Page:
Addendum: Since posting this, I’ve been informed by @GhostFinder that this is a new adaptation, one that is supposedly far closer in plot to King’s original novel. While I’m not sure that matters, it will probably make a small percentage of potential viewers a bit happier. Personally, I’d rather see original horror movies.

Social Networks in Fiction

I’ve been reading more contemporary fantasy recently, as well as some crime, and I’ve come to the following conclusion: Modern stories that don’t feature social networking feel out of date. Sites such as Facebook and Twitter have become a massive part of the average person’s life.

When asked why they don’t use social networks in their fiction, a lot of authors answer, “Because they’re so quickly out of date. We don’t know what’s coming next.” This is both true and utter rubbish. There are aspects of social networking that remain constant, while others are transient at best. It would be prudent to avoid describing the user interface, logo, strapline or platform specific features. These can change in the blink of an eye and, as Facebook has shown (much to the ire of many), regular re-designs in the name of a better user experience are the norm.

Then there is the branding question. Some authors dislike naming specific brands, choosing instead to either make up their own or just describe the service being provided. If you do choose to mention brands, it’s probably sensible to use those that are best known. I think also think it’s a safe bet that (share prices and privacy related controversy aside) Facebook and Twitter are not going away any time soon.

So what should you feel free to write about?

  • Updates – Small pieces of text attached to a specific user.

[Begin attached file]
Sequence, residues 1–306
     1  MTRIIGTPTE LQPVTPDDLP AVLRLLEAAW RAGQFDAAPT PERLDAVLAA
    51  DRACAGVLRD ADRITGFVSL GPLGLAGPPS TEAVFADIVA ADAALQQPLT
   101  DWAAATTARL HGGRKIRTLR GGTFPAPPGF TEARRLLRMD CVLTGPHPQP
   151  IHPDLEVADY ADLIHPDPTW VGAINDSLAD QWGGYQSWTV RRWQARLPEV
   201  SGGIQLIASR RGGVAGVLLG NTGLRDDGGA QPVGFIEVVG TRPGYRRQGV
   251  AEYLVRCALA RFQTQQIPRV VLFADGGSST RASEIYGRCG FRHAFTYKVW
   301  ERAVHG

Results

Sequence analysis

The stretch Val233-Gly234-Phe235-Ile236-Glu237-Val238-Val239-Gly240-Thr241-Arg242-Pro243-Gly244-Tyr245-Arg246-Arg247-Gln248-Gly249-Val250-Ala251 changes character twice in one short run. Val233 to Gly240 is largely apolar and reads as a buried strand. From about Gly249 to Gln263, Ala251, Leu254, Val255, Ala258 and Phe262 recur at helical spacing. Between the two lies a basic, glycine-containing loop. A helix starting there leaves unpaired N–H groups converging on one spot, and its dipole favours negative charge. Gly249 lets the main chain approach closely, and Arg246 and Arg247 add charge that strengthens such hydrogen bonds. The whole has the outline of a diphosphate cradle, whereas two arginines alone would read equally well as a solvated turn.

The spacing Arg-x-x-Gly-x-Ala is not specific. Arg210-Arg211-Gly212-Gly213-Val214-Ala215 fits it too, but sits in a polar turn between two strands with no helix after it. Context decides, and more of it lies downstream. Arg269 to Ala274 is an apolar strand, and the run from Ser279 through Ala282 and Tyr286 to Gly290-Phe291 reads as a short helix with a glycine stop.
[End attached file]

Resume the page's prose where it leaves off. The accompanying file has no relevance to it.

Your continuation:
• Replies/Conversations – Updates that reply to or expand upon other updates.
  • Media (pictures, videos, audio) – A feed or stream of images attached to a specific user.
  • Avatars (profile pictures) – Pretty much every service has this feature.

The best way to write about social networks is to simply describe a short-form, multi-user conversation tool that has the ability to attach rich media. Come up with a generic format for updates and replies using either indents or italics to distinguish it from the rest of your prose. For example, I could write the following:

[SamStrong] -> Morning, all.

[ANOther] -> [SamStrong] Morning!

[YetANOther] -> [SamStrong] [ANOther] Indeed it is the morning!

[SamStrong] -> [ANOther] [YetANOther] Did you see this? <MEDIA>

Sure, the formatting and styling of the posts could be improved, but, in terms of describing a conversation that is clearly restricted in scope and is distinguished from normal dialogue, it could work.

Short of inventing your own formatting, you could just make it clear that a specific chunk of dialogue is communicated online. Writers describe stuff all the time. Social networks should be no different.